are worse— ay, much worse — ^than any religion whatever." 

"Had I the talents of the above-mentioned men I would 
not spend it as they did, nor would they, could they see the 
effect produced. Their object was good — to correct the evils 
of a corrupt priesthood — but their works were like edged 
tools given to children. Human nature is not perfect, and 
their refined and perfected systems of morals will not apply, 
and if we were perfect we would not need them. I speak the 
words of truth and soberness." 

He evidently was of St. Paul's opinion with reference to the 
subjection of the wife. He says in one place : " What if I 
have spoken cross to you, scolded at you ; if it was not my 
duty it was at least my privilege, and I expect to have the 
pleasure of doing it again. Are we not told, if our right hand 
offends to cut it off, etc.; then surely if our better-half offends 
we ought to have the liberty of swearing a little." 

His last letter is from Paris, dated October 16th, and he 
speaks in it of his approaching departure. 

I have no information as to the date of his return, but his 
intention was, he states frequently in his letters, to be back 
by the first of the year, so that after this date he probably 
resumed practice at Huntsville. 


The two papers in Penner's Southern Medical Reports are 
the only ones I see credited to him. They are charmingly 
written and display in every page the wise physician ; wise 
not only with the wisdom of the schools, but with that deeper 
knowledge of the even-balanced soul " who saw life steadily 
and saw it whole." 

The Report in Vol. I deals with the topography, climate, 
and diseases of Madison County. Dr. Fenner states that it 
was accompanied by a beautiful map drawn by the author, 
and a large number of valuable statistics. 

In an historical sketch of the settlement he thus depicts 
the early border life: "The most of those who did not pro- 
cure homes at that time, belonged to a class who, from taste 
or compulsion, had separated themselves from the whites, to 
live on the trail of the Indians ; and who, like tigers, and 
Judases, were not without their use in the mysterious economy 
of nature. They surpassed the natives in physical force and 
in genius, and equalled them in ferocity. They had the 
piratical appetite for gain natural to the English race, which 
they had cultivated among the whites, and they readily 
acquired the Indian taste for blood." 

" Thus, without any particular standard of morals of their 
own, and having fallen out with that which restrained their 
Christian brethren, they found their interest in adopting the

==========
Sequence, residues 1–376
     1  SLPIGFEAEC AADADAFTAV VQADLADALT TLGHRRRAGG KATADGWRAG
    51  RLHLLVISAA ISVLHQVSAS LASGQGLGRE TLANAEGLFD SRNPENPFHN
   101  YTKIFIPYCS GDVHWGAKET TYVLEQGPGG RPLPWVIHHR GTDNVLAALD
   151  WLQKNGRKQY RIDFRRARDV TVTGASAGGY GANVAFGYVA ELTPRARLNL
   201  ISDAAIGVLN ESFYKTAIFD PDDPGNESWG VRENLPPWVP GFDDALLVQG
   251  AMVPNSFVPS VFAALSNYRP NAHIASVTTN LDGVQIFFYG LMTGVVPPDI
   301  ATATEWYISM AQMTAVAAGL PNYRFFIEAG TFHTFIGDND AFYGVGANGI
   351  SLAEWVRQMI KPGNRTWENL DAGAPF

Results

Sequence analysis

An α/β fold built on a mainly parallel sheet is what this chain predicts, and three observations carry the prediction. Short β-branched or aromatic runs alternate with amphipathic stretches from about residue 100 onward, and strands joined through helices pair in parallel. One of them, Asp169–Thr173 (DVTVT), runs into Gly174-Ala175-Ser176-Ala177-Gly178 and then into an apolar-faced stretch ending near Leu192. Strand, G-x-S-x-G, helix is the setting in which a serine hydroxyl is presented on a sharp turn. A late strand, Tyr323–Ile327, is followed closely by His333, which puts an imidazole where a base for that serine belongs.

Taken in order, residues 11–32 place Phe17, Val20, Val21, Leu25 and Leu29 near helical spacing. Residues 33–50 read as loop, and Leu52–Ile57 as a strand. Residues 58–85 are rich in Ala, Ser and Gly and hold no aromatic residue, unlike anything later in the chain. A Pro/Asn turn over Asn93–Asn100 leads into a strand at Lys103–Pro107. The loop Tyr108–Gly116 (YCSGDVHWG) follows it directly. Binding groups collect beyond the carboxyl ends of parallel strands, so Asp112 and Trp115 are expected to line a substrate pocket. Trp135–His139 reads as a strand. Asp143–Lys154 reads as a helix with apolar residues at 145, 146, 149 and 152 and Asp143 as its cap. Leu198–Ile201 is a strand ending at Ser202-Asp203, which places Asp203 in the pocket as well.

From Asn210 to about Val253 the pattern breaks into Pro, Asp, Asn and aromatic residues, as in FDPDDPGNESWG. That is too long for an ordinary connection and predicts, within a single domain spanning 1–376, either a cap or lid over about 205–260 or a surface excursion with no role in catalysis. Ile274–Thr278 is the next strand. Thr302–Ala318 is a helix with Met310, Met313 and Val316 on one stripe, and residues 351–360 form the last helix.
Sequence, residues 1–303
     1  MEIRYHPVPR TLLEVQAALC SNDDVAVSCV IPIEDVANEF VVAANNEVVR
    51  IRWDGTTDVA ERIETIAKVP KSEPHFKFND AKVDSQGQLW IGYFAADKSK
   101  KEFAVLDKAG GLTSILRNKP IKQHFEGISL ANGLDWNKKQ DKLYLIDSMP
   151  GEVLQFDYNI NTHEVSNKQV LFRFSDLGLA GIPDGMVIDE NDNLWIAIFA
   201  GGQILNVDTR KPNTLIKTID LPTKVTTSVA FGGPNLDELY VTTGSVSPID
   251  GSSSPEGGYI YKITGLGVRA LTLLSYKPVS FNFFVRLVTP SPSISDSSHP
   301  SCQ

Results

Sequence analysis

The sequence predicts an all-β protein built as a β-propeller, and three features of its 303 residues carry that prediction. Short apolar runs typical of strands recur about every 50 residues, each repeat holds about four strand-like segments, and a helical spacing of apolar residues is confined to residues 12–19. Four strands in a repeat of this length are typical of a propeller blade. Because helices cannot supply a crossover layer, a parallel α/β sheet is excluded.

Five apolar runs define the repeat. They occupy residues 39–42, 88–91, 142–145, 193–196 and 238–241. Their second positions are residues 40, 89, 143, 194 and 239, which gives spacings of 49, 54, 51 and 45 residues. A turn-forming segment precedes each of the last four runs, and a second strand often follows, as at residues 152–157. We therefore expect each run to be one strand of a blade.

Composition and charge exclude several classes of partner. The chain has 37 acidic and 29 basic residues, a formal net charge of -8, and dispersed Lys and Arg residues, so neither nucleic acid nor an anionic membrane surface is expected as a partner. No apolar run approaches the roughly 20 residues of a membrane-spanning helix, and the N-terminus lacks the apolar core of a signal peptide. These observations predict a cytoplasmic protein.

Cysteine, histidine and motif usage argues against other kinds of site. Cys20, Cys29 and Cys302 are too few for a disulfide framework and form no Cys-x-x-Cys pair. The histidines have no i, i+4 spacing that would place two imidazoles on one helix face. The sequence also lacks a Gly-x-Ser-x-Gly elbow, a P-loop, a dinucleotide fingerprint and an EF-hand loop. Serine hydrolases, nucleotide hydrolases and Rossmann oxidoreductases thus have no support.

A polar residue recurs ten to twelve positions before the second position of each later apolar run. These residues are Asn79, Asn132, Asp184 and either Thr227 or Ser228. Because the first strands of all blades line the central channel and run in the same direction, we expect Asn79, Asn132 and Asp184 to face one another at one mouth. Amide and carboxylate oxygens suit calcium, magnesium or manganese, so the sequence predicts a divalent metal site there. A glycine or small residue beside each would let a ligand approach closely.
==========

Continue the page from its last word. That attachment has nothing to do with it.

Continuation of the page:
ancient one of Moses and of the savages among whom they 
resided — 'An eye for an eye,' and 'blood for blood '." 

" These men, like the fabulous Behemoth that lay in the 
reedy fens of the early world, drinking up the abundant 
waters and eating down the luxuriant forests, to make way 
for civilization, have left little more than a vague tradition of 
their existence and exploits, the latter of which has been so 
embellished that the former already begins to be doubted." 

"Such a race leave but short records of their diseases. 
Where bloodshed is always epidemic and every man his own 
surgeon, the few that recover feel grateful to none, and hang 
no ' votive tablets ' on the natural columns of their forests ; 


and when a missionary or a novelist is the only historian, it 
would puzzle Hippocrates himself to collate the cases ; but, 
as most things, as well as lions, track the earth in some 
manner as they pass over it, these early squatters have also 
made their mark." 

The good example of Dr. Thomas Fearn, who in the early 
days of the regular settlement was the leader of the profes- 
sion, is well drawn. "The influence of this gentleman's 
reputation upon the profession was favorable to the residence 
of thoroughbred physicians in the neighborhood, many of 
whom he had been directly instrumental in educating; another 
consequence followed: quackery and empiricism abated. 
Although quackery is indigenous in the human heart, like 
thieving and lying, and always will exist, yet it flourishes in 
the indirect ratio of the science and general qualifications 
of the regular part of the profession. When regular, and 
extensively patronized physicians, armed with all requisite 
diplomas and the experience of years, suffer themselves to